Head of Zeus reports sales of £8.4m as e-books rise

Head of Zeus reports sales of £8.4m as e-books rise

Head of Zeus has reported net sales of £8.4m and profit before tax of £400,000 in unaudited accounts for the year ending 31st December 2020.

The results were similar to those in 2019, when net sales were marginally lower at £8.3m but pre-tax profit stood at £428,000.

Head of Zeus said it sold fewer paperbacks in pandemic-hit 2020 but e-book sales rose to make up the difference, helping it to beat its forecast.

C.e.o. and publisher Nicolas Cheetham said: “This result is well ahead of the management forecast we made in March 2020 when the pandemic took hold, despite a significant subsequent provision for Bertram’s demise. We postponed a number of key titles to the spring of 2021 and saw a reduction in the volume of paperbacks sold. But this was balanced by an increase in e-book sales, which accounted for 38% of our 2020 turnover, and a significant increase in audiobook sales.”

Cheetham picked out the launch of SFF imprint Ad Astra in the autumn and the announcement that Liu Cixin’s trilogy, The Three-Body Problem, is to be a Netflix series helmed by David Benioff and D B Weiss, the showrunners of “Game of Thrones”. That helped the author's backlist hit sales of 700,000 that year, he said.

He added: “The growth of our narrative non-fiction list in history and politics also made a significant contribution. Our leading titles included Marina Amaral’s The World Aflame, Paul Lay’s Providence Lost, Peter Geoghegan’s Democracy for Sale and The Crew by David Price.

“In Ireland we recorded two number one bestsellers with The Art of the Glimpse, edited by Sinead Gleeson and The Arms Crisis of 1970 by Michael Heney. Our presence in the USA was established by the success of the five volumes in Terry Goodkind’s fantasy series The Children of D'Hara.”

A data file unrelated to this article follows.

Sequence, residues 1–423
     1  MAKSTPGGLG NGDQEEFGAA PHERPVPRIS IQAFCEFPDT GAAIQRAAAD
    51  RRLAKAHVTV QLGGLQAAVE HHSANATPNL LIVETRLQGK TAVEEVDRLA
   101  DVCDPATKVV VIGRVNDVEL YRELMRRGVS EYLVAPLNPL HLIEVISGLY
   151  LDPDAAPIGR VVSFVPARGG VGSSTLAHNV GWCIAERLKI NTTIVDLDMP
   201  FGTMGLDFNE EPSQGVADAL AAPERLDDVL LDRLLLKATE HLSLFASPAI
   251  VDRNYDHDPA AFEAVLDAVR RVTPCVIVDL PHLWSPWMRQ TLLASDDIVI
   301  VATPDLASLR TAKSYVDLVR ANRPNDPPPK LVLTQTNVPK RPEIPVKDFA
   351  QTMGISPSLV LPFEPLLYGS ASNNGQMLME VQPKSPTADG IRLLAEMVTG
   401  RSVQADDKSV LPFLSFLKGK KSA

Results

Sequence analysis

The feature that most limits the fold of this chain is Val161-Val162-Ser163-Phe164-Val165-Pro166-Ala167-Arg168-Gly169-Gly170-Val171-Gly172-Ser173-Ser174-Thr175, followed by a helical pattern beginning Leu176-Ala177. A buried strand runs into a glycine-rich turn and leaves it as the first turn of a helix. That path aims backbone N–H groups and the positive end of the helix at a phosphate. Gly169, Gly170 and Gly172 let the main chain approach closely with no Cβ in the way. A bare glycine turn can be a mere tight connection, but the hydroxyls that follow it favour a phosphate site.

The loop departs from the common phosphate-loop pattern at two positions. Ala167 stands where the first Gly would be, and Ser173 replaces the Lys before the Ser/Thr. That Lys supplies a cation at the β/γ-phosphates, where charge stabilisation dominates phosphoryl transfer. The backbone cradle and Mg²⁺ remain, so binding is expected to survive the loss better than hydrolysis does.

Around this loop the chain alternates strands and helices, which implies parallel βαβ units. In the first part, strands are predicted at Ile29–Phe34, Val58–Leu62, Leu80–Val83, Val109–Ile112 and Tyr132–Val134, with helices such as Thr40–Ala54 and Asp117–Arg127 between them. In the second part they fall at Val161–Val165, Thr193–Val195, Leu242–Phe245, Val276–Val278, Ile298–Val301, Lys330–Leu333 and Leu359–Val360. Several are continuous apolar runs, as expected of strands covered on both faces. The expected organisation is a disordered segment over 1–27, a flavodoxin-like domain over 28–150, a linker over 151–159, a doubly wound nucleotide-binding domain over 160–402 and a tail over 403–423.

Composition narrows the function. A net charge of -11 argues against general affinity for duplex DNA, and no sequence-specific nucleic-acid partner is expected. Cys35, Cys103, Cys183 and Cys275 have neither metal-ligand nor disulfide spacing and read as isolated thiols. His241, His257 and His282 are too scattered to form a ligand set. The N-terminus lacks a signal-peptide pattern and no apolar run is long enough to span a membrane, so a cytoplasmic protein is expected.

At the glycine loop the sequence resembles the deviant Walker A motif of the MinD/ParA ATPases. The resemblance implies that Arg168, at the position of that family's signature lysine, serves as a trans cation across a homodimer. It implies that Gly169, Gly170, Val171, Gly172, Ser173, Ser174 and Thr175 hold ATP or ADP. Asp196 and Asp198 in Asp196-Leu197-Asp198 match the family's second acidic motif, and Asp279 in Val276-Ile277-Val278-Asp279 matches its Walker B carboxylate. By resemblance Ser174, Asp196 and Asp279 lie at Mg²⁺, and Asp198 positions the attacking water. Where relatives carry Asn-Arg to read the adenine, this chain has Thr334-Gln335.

"The most important work we did in 2020 was to plot our course for 2021 and beyond. July 2021 will mark our 10th anniversary. We've served our apprenticeship, and the company is prepared for the next stage of the journey."

Cheetham said a new business model was designed to help the indie double its market share over the next four years. The company forecasts sales of £10.8m for 2021 with a profit before tax of £1m. It is projecting double-digit growth to net sales of £16m for 2022-24.

As part of a different strategy, all new titles, along with a backlist of around 2,000 titles, are now being published by one of the company's seven subsidiary imprints. Each of these will be "managed and monitored as a self standing business specialising in a different sector of the market, and tasked with achieving double-digit annual growth targets".

Cheetham said: 'We're a small company. We compete for market share in an industry that isn't growing. Our strategy is to create unique content, make beautiful books, and focus our efforts on what we do best."